Are some denominations more progressive about it?
I’m often impressed with the Assemblies of God. Their educational requirements for ordination aren’t as strict, and they have a licensing program that gets people up and running a lot sooner than our own four years of college, three years of seminary and 10 years of scavenging. They have deaf-culture ministries that empower people who feel a call, so they take a class, get their license and get rolling.
I’ve heard that you have a personal theology of inclusion and empowerment.
What resonates in my heart is a desire to see everyone included as a gifted part of the body of Christ. Not just people who are disabled, of course; you can broaden this out to any kind of community. But we put up barriers in our churches—either attitudinal barriers or physical barriers, like stairs without ramps or the way we arrange our pulpits so that people can’t get up there if they’re in wheelchairs. Or the way we order our services—you really can’t follow it if you’re not hearing because everything moves at 90 miles an hour. That’s the access or inclusiveness part of my theology.
Then there’s the empowerment piece, where all people are able to get into the driver’s seat as co-heirs to salvation, and their gifts and graces are celebrated. They have gifts and insights because of their disabilities, not in spite of them. We miss out on so much good stuff in the church when we keep people out because “they’re not like us” or “they’re too much trouble” or “it costs too much.”
How did you get started in deaf ministry?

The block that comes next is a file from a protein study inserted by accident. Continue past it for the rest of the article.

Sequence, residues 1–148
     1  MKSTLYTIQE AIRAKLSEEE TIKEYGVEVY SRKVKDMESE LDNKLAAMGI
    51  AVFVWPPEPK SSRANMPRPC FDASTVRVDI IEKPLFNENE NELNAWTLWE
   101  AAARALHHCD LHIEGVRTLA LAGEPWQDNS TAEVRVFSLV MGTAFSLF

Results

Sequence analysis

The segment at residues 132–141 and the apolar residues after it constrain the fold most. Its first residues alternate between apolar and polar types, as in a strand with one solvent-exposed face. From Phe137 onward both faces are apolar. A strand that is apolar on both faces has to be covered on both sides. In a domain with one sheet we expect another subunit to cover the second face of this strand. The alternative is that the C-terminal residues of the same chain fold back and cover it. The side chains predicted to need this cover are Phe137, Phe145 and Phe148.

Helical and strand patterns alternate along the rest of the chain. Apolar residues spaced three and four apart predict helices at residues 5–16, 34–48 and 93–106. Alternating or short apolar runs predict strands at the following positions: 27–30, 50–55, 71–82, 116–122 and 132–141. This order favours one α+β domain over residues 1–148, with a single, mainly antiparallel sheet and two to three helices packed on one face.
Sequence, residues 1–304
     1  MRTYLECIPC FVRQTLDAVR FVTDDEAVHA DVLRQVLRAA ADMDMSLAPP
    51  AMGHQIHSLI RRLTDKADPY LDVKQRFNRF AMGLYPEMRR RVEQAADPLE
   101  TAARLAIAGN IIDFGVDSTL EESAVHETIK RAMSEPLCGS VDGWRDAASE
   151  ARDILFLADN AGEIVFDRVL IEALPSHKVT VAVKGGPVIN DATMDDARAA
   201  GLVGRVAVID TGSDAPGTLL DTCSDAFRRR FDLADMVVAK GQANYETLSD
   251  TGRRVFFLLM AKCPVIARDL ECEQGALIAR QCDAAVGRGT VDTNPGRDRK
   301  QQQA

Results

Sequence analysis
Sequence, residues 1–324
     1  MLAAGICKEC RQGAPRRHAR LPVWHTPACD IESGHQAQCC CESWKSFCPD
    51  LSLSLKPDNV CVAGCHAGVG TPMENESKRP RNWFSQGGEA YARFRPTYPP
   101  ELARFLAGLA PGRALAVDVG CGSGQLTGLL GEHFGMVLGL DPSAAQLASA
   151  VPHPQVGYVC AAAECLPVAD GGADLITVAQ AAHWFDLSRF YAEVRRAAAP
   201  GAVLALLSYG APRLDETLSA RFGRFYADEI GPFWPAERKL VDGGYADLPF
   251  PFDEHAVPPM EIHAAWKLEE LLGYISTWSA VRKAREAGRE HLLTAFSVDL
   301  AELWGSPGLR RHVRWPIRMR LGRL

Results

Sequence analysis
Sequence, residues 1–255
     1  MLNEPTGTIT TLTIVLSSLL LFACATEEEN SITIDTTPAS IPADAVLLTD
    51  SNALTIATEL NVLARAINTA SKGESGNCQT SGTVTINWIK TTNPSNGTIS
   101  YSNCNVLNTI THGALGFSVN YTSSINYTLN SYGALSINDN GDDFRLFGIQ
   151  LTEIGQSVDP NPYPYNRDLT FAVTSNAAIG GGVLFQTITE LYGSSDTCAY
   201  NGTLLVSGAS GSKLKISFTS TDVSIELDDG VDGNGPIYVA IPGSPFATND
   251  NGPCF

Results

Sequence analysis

I had planned a career as a music teacher, but my voice started messing up after I got out of college and it turned out I had nodules on my vocal cords. I really took a hit from that. I had always thought that music would be my life’s work. But around that time, I started feeling a call to ministry. And then at the Baltimore-Washington Annual Conference in 1976, for the first time, I saw a deaf choir perform. I fell in love with sign language right away, and it was like all the rivers of my life coming together in one place—the disability concerns I’d had since birth, the music—I needed this mission in my life.
But it wasn’t until 1988 that you were appointed to Christ UMC.
Right, it was a long journey. I went on to seminary in 1977, then served several years in hearing churches. I kept practicing sign language, and at last Christ Church had an opening for a pastor.
What’s your proudest accomplishment there?
Partly, just to keep the church going. That’s an achievement in itself, because funding is always a concern. But there were two real turning points. In 2000 we opened the Deaf Shalom Zone to all the deaf community in Baltimore. For that I credit Bishop Felton May, who led the conference at that time. We started case management for deaf people dealing with AIDS and HIV, and drug addictions. And parenting classes for people at risk of losing their kids because there were no parenting classes for deaf people. Also the deaf-blind community and deaf immigrants. We just saw a huge growth of people at the church because they were getting their needs met. That touched my heart. That’s what the gospel is all about: people experiencing Christ through the unconditional love of God.
And then, also under Bishop May’s leadership, we started an emphasis on international mission. We’ve sent mission teams to Kenya and Zimbabwe to work with deaf schools there and start deaf ministries. In those settings, if you just love people and put a little money into it, they start to blossom.
But it’s a reality on our planet that the more vulnerable you are, the more people will take advantage of you. So we need to be mindful about who we put in place to lead deaf ministries. We’ve had a few bad experiences overseas, where the power dynamic led not only to physical and sexual abuse of deaf people but also to misuse of funds. I’m more wary than I used to be of people who present themselves as angels of light. It’s been a big dose of reality for me, but it’s a good lesson. The church needs to be a prophetic voice, sometimes even against itself.